Doug’s 1st Movie - * *

Doug's 1st Movie

Following the success of The Rugrats Movie, Disney has been quick to follow suit. Doug’s 1st Movie takes the TV cartoon staple, Doug, and plops him where he doesn’t quite belong: on the movie screen. The result is mildly entertaining (though purely for kids), but possesses no real draw to see it at the theater.

Doug Funnie (Thomas McHugh) is your average everyday kid. His time is divided between pining for his love, Patti Mayonaise (Constance Shulman), and helping his pal, Skeeter Valentine (Fred Newman), hunt for the legendary Monster of Lucky Duck lake.

His adventures truly begin when he discovers that the monster is real! Not only that, but the monster is friendly (in an E.T. sort of way), and moves in with Doug. Of course, this complicates Doug’s plans to help Patti organize the Valentine’s Day dance.

The plot fluctuates between the realistic (Doug’s infatuation with Patti, and his rivalry with a suave 8th-grader, Guy (Guy Hadley)) and the bizarre (the Monster, a killer robot, and a magical shrinking ray). But, then again, when the average student at Doug’s middle school might be blue, purple or green, who’s to say what’s normal?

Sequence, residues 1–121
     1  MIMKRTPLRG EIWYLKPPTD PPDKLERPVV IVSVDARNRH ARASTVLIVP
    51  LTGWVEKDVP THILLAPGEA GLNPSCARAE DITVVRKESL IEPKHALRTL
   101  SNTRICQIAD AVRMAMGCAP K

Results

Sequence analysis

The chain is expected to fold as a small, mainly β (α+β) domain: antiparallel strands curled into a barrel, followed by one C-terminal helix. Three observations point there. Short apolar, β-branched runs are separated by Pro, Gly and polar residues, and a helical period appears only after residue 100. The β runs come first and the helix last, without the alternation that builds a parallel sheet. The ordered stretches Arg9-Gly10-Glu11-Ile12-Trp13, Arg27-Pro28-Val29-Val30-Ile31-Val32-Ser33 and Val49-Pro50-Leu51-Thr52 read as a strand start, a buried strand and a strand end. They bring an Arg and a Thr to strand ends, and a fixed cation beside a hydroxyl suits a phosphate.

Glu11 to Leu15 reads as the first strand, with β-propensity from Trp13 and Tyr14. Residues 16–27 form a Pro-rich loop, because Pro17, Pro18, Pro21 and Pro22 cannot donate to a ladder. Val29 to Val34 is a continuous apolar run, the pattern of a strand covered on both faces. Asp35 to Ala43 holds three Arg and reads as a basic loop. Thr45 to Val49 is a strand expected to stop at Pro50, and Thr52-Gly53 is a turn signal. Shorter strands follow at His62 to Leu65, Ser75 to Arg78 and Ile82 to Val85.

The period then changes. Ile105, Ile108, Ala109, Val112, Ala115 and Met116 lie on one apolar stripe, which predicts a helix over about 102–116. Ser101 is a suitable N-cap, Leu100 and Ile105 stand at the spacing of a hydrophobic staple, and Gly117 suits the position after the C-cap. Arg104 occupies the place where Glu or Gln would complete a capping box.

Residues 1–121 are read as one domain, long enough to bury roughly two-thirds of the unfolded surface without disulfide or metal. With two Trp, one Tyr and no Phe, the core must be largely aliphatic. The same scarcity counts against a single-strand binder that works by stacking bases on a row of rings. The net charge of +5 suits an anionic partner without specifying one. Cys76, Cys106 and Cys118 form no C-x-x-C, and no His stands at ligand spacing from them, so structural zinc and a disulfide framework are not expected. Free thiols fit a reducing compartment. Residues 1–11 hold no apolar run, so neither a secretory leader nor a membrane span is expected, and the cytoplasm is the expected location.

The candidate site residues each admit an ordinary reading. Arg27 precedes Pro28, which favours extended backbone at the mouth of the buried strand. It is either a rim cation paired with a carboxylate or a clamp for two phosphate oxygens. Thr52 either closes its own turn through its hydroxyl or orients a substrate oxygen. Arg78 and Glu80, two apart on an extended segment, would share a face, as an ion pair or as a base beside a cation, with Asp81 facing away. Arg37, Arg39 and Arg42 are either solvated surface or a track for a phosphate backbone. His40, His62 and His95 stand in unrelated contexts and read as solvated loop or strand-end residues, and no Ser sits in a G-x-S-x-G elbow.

The film tries to tackle the issue of pollution, but never truly grasps the issue. Apparently, town mogul Mr. Bluff (Doug Preis) has been dumping toxic waste into Lucky Duck Lake. This has not only spawned the friendly monster, but made the lake into a terrible pool of acid not seen since the likes of Dante’s Peak. Now, however, the monster decides that the Lake is to toxic for him to call home (though, shouldn’t our atmosphere be toxic to a monster born to pollution). Meanwhile, the evil Mr. Bluff wants to kill the monster for two widely different reasons: to keep people from knowing about the monster, and to let people know about the monster (so he can be the hero who saves the town). It gives you a headache if you try and make sense of it all.

Kids who enjoy Doug on TV will continue to find him likeable on the big screen. However, there’s very little reason for him to be there. In all honesty, this feels more like a direct-to-video cartoon rather than a piece of quality feature animation. There’s little here to entertain adults, and kids aren’t likely to care whether Doug Funnie is 40 feet tall on a movie screen, or 27″ on TV.

If you’re desperate for a kid film to see at the theater, this one will certainly do in a pinch. But, on the whole, you’re better off waiting for the video.

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